Some of the most talked-about, most beloved young adult novels talk about some of the more serious issues on growing up. John Green, Rainbow Rowell, and Sarah Dessen are some of the top YA authors that have made us all shed more than a few tears over the years. But within the giant YA bookshelves of novels focusing on break-ups, loss, illnesses, and the harsh realities that comes with being a teenager, there are also a few that focus on the more funny and absolutely embarrassing moments of growing up.
Going through the young adult phase calls for a lot of awkward first experiences, uncomfortable parties, rebellious acts (that usually end in trouble), and the inevitable realization that playing it cool just isn't a possibility for everyone. YA books are known to capture some of those cringe-worthy moments, but the nice reality is that, for once, it isn't happening to you.
When a book can make you laugh out loud in the middle of your train ride home or in the comfort of your own cozy bed, you know it's a keeper. Here are nine of the best funny YA books out there when you need a break from all of the drama.
Into the Wild Nerd Yonder by Julie Halpern
What happens when you return to your sophomore year of high school and find yourself clique-less? If you're Jess, you join the Dungeons and Dragons crowd. And even when she's called a nerd (because, high school), she realizes that redefining herself means finding what makes her happiest. This hilarious and quirky novel will have you laughing at the cliquey humor that stitches together so many high school experiences.
An Abundance of Katherines by John Green
Colin Singleton has been dumped 19 times, all by different girls named Katherine. As Colin sets out on a road trip with his overweight, Judge Judy-loving best friend, he is determined to reinvent himself and avenge all the dumpees like himself without any help from a Katherine. How can the author of The Fault in Our Stars make you laugh? Answer: An Abundance of Katherines. Green will still make you cry, of course, but this time it will be tears of laughter.
The Princess Diaries by Meg Cabot
Mia Thermopolis is just like any other ninth grade girl trying to fit in with bad hair, gangly limbs, and a massive crush on the hottest senior at school. However, she's in for a wake-up call when her father shows up and reveals he isn't just a European politician, but a prince of a small country — which leaves Mia as his only heir. If you already saw the movie and skipped the book, definitely come back to it. Even though Anne Hathaway and Julie Andrews made the film amazing, the book is even funnier.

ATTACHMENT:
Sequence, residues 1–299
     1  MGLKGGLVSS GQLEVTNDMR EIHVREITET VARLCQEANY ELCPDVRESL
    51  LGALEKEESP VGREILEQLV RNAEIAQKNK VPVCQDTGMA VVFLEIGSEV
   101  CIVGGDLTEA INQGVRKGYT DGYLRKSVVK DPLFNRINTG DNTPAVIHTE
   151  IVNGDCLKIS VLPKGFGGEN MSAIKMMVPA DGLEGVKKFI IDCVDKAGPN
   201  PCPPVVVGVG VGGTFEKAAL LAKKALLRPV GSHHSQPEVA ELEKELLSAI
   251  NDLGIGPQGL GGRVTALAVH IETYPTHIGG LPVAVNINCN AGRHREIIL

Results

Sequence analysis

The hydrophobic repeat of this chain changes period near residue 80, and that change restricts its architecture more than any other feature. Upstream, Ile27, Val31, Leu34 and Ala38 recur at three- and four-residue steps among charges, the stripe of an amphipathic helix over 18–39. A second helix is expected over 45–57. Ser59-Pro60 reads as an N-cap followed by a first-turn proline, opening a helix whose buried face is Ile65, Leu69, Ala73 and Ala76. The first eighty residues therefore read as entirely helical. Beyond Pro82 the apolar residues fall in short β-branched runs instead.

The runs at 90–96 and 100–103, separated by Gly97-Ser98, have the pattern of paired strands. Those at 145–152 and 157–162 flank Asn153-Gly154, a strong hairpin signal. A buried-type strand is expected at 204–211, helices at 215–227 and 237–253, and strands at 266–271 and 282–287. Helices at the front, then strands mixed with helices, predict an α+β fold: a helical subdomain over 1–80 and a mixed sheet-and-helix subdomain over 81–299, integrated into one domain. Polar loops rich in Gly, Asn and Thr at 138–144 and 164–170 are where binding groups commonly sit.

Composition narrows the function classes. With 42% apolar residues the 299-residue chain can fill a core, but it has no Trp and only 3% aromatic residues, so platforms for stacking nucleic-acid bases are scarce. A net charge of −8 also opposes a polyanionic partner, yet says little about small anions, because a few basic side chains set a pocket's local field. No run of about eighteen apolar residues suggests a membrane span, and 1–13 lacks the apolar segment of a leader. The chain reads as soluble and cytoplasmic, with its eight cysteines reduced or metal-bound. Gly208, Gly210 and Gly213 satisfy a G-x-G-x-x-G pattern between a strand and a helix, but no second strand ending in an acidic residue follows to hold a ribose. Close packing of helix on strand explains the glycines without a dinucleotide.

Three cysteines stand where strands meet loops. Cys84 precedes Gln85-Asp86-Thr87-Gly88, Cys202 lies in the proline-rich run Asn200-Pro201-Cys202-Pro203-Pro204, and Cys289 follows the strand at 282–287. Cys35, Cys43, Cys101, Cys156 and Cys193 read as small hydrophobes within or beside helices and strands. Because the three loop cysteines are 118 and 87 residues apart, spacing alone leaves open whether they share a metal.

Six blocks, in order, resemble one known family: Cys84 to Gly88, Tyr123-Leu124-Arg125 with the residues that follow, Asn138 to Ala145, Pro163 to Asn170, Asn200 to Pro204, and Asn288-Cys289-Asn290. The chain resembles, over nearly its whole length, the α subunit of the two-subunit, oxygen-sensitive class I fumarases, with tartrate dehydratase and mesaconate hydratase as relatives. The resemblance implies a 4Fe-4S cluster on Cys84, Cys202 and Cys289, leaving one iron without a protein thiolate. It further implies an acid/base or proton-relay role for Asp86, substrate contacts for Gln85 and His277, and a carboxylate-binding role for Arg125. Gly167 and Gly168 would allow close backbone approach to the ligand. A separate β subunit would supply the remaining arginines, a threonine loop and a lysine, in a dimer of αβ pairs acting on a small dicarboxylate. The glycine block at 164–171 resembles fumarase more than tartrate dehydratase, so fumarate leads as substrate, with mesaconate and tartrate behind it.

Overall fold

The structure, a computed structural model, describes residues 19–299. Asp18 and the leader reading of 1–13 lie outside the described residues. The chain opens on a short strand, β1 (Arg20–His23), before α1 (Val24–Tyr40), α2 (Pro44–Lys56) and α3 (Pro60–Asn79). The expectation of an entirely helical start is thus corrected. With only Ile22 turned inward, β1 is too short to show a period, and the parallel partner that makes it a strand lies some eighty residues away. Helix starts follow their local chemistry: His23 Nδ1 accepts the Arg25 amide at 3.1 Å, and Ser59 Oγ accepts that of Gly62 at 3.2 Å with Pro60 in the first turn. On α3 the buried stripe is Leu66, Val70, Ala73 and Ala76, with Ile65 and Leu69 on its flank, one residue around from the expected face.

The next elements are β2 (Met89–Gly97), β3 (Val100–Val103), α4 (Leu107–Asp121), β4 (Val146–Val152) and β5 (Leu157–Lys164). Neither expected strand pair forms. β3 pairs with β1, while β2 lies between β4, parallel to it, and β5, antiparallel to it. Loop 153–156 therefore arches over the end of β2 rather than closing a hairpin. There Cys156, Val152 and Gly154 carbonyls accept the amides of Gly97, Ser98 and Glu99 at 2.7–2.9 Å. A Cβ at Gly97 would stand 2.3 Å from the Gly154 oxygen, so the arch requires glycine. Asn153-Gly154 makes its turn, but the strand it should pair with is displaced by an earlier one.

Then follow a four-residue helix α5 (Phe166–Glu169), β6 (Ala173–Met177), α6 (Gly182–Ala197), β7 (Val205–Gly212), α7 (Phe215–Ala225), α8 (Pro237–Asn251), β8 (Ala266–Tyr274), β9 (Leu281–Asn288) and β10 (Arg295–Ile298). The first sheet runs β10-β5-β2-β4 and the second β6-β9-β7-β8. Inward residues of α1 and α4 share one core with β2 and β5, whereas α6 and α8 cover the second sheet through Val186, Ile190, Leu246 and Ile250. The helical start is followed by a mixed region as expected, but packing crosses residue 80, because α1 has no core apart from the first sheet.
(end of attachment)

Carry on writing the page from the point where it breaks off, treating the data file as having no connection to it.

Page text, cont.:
Anna and the French Kiss by Stephanie Perkins
Right before her senior year of high school, Anna Oliphant is shipped off to Paris by her father to an esteemed boarding school. While trying to adjust to living in the most romantic city in the world, a place Anna just doesn't seem to fit into, she's also trying not to crush on Étienne St. Clair, a gorgeous guy with a gorgeous girlfriend. Perkins captures the essence of feeling out of place with hilarious moments of first kisses and new friendships.
Me and Earl and the Dying Girl by Jesse Andrews
Greg and his sort-of friend Earl make mediocre films together to help them endure the high school experience. Then Greg's mom forces him to become friends with a girl who was just diagnosed with cancer. Full of Greg's sarcastic and insecure humor, this is seriously a funny book that also happens to be seriously sad. Prepare yourself for a ride on an emotional rollercoaster.
Winger by Andrew Smith
Winger tells the tale of Ryan Dean West, a 14-year-old boy at a rich boarding school stuck with the biggest bully on the rugby team for a roommate. Smith somehow manages to make relating to a teenage boy easy by including the perfect balance of hilarious doodles, unthinkable embarrassing moments, and a dose of teenage heartbreak.
Fangirl by Rainbow Rowell
Cath, a fangirl at heart, is about to face a more difficult college experience than she had planned for. When her twin sister, Wren, says she doesn't want to be roommates, and her fiction-writing professor believes her fan-fiction addiction is the end of the civilized world, Cath feels torn between letting go of her past and living her own life. Full of hilarious coming-of-age moments and Rowell's ingenious humor, Fangirl is one of those books you'll want to reread over and over again.
Going Vintage by Lindsey Leavitt
Swearing off boys after one cheats on you is one way to recover from heartbreak, but Mallory takes it to an entirely new level in Going Vintage . Inspired by a list of goals her grandmother made in 1962, not only does Mallory swear off boys, but she searches for a simpler way of life without Internet use or modern-day influences. This coming-of-age novel won't make you cringe at the things kids say these days, but instead make you laugh with Mallory and her determined mind to make her life better.
There is No Dog by Meg Rosoff
Bob, a teenage boy who also happens to be God, falls in love with a mortal girl named Lucy. And every time Bob falls in love, Earth erupts in a natural disaster and Mr. B, Bob's overworked and frustrated assistant, has to clean up the mess. At the core of this funny story is the positivity and kindness all humans carry in their heart. This well-crafted and incredibly unique tale is one that will leave you laughing for days.